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pbio.1002045.g001: Schematic illustration of adult neurogenesis in the adult rodent and human brain.New neurons are indicated in green. (A) Neuroblasts that are generated in the subventricular zone lining the lateral ventricle (LV) in rodents migrate to the OB, a structure crucial for olfaction, where they integrate as interneurons. (B) Neuroblasts are present in the subventricular zone also in humans, and new neurons integrate in the adjacent striatum, which plays an essential role in movement coordination, procedural learning, and memory, as well as motivational and emotional control. New neurons are continuously generated in the DG of the hippocampus—a brain structure essential for memory and mood control—in both rodents and humans (A, B). A limited subpopulation of DG neurons are subject to exchange in rodents (C), whereas the majority turn over in humans (D) [4–6]. The neurons within the turning over population are continuously exchanged. A value of 100% on the y-axis means that all neurons have been replaced since the individual’s birth.

Mentions: Carbon dating demonstrated that hippocampal neurons are generated at comparable rates in middle-aged humans and mice [4]. However, humans present a somewhat different pattern of adult hippocampal neurogenesis as compared to rodents (Fig. 1). The vast majority of the neurons in the dentate gyrus (DG), the subdivision of the hippocampus with neuronal turnover, is subject to exchange in humans, compared to approximately 10% in mice [4–6]. Moreover, humans show a less pronounced age-dependent decline in hippocampal neurogenesis during adulthood compared to mice [4]. Adult-born hippocampal neurons are more likely to be lost than the neurons born during development in humans [4]. Whether this is also the case in other mammals has not been directly investigated, but data from mice is consistent with this notion [7].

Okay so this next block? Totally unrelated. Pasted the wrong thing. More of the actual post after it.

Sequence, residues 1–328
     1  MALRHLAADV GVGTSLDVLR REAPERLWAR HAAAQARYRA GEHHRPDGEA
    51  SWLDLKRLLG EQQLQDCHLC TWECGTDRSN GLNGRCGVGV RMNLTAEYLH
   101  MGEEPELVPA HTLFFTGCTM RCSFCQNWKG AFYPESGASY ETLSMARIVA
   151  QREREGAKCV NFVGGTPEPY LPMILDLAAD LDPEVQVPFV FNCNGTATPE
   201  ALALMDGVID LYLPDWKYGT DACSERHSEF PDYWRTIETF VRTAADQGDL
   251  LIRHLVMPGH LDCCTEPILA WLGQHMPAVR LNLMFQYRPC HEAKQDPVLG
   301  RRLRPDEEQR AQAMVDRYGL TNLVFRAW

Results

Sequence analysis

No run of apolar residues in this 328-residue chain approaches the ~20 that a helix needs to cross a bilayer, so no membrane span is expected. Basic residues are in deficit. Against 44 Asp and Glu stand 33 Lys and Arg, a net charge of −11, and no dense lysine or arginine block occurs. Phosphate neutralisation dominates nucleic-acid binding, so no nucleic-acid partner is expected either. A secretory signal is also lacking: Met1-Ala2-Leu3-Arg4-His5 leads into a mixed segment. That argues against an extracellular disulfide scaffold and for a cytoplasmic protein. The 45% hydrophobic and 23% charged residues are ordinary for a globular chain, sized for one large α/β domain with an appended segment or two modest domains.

Adult neurogenesis in humans- common and unique traits in mammals.

Ernst A, Frisén J - PLoS Biol. (2015)